Take a moment to imagine if this was your life. You are a busy professional, physically fit and active. Staying healthy is very much a part of your daily life and you’ve been given a clean bill of health year after year from your primary care physician. However, in the back of your mind, you worry. Your father had a heart attack in his 50s and so did your brother. You are also a male in your 50s.
Family medical history is certainly something that should never be ignored, but if you don’t seem to have any of the signs or symptoms of a heart attack is there really reason to worry? Take a close look.
This is the angiogram of the person described above. Although he didn’t “feel” like he could have a heart attack, he couldn’t help but listen to that voice in his head that said “what if something is going on?”. Would you wait to find out? Thankfully he did not.
“We changed his destiny,” Dr. Wayne Leimbach, Chief of Cardiology at Oklahoma Heart Institute clearly states reviewing the angiogram that saved this patient from suffering a heart attack. What Dr. Leimbach discovered when this patient insisted on a stress test, thus resulting in a follow up angiogram, was a 90% blockage. “This would have caused a heart attack,” says Dr. Leimbach.
This patient’s story is the same for 1 in 4 heart attacks that occur every year in patients without warning signs. We often think heart attacks follow the “trademark” symptoms including chest pain, discomfort and numbness in the left arm. However, heart attacks can strike seemingly out of nowhere if we are not aware of limited blood flow in the body.
By being proactive in his health and understanding his family’s medical history, this patient had a stress test, which is the only indication (without symptoms) that there is a limitation of blood flow to the heart, resulting from a blockage of some degree. That indication leads to a CT scan, which is the only way to see the blockage and to what degree that blockage is limiting blood flow. Conversely, a CT scan is 98% accurate in ruling out blockage if indicated by a stress test.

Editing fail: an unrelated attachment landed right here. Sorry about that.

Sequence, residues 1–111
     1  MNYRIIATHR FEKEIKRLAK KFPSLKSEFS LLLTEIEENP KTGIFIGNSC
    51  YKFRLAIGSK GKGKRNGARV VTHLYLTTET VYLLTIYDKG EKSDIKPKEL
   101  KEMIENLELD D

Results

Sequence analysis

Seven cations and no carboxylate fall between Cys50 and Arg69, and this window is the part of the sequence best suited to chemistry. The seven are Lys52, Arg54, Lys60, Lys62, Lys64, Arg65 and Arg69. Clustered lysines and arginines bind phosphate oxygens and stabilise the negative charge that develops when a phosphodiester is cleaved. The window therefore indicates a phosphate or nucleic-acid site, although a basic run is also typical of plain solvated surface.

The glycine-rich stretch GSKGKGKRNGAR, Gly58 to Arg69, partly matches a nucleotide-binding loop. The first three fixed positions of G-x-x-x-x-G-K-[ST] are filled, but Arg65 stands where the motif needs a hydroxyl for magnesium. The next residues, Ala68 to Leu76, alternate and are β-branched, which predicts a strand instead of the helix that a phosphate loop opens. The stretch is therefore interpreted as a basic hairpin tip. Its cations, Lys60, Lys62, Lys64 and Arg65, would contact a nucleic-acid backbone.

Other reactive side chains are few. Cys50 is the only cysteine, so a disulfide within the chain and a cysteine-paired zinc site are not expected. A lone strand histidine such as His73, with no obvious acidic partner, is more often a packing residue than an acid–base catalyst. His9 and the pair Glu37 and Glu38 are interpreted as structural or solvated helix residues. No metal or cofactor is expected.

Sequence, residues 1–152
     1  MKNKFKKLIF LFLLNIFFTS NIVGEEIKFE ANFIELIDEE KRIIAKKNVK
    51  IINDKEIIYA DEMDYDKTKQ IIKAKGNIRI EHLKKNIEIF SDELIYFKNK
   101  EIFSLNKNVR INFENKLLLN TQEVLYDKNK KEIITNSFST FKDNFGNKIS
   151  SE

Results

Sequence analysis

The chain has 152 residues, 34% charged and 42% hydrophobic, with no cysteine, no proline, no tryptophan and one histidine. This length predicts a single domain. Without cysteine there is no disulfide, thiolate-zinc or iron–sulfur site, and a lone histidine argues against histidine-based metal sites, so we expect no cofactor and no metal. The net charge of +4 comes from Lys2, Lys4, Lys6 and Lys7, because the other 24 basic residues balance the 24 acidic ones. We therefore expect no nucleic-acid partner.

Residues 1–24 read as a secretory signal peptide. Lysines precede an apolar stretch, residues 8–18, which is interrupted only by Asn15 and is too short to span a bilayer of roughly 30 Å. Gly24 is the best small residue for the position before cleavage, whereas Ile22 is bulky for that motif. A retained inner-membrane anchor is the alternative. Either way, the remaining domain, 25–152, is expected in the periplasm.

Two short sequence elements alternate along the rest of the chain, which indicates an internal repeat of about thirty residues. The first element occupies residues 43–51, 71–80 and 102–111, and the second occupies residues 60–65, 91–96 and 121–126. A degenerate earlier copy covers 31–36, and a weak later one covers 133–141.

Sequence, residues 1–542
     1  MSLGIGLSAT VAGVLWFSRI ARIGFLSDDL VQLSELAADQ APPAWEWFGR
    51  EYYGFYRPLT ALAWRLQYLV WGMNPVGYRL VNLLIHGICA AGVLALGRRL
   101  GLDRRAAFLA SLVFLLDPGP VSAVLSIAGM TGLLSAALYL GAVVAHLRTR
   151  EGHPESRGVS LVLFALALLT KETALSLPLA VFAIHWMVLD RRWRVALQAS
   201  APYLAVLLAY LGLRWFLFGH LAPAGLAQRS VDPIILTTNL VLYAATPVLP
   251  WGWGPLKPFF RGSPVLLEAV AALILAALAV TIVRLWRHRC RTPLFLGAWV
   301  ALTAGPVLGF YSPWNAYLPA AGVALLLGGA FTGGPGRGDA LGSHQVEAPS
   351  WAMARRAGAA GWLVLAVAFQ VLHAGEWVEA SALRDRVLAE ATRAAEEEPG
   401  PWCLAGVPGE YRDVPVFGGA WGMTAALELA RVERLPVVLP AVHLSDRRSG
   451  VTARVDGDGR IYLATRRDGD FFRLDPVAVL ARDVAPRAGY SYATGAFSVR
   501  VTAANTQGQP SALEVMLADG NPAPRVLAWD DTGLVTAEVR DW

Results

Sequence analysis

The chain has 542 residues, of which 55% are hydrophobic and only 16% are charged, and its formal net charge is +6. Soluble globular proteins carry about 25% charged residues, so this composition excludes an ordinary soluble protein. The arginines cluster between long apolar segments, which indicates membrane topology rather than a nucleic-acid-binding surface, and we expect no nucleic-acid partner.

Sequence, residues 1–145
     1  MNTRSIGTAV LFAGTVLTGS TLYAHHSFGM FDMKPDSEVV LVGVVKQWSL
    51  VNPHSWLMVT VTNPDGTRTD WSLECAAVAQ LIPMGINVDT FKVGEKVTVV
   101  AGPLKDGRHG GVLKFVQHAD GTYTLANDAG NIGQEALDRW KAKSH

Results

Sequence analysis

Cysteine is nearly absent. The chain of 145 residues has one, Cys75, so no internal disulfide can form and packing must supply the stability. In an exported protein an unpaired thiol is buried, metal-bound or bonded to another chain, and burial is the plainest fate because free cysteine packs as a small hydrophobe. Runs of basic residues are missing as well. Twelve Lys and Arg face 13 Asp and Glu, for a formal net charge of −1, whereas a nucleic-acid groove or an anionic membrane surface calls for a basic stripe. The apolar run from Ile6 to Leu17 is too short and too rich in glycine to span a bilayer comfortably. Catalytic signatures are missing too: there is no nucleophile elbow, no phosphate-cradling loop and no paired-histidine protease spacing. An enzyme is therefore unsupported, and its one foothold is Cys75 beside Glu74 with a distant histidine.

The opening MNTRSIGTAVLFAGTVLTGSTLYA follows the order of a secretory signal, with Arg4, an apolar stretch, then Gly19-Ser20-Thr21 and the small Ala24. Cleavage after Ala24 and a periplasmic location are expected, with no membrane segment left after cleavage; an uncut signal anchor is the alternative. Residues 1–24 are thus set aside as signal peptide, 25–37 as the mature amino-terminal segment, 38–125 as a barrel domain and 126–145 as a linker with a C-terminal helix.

In this case, that blockage was significant enough to require a stent. The procedure was performed immediately following in the Oklahoma Heart Institute cath lab. In this follow up angiogram you can see how that artery is now open and allowing blood to flow unrestricted.
With follow-up stress tests to monitor restenosis, along with medication and careful diet and exercise considerations, this patient will in essence insure against a heart attack in his future. According to the findings of the 2011 Saturn trial, taking these preventative measures can reduce the risk of progression of blockages. Additionally, by adding a daily aspirin, the risk of a heart attack is reduced by 25%. The decision to have a stress test changed his family’s future medical history.
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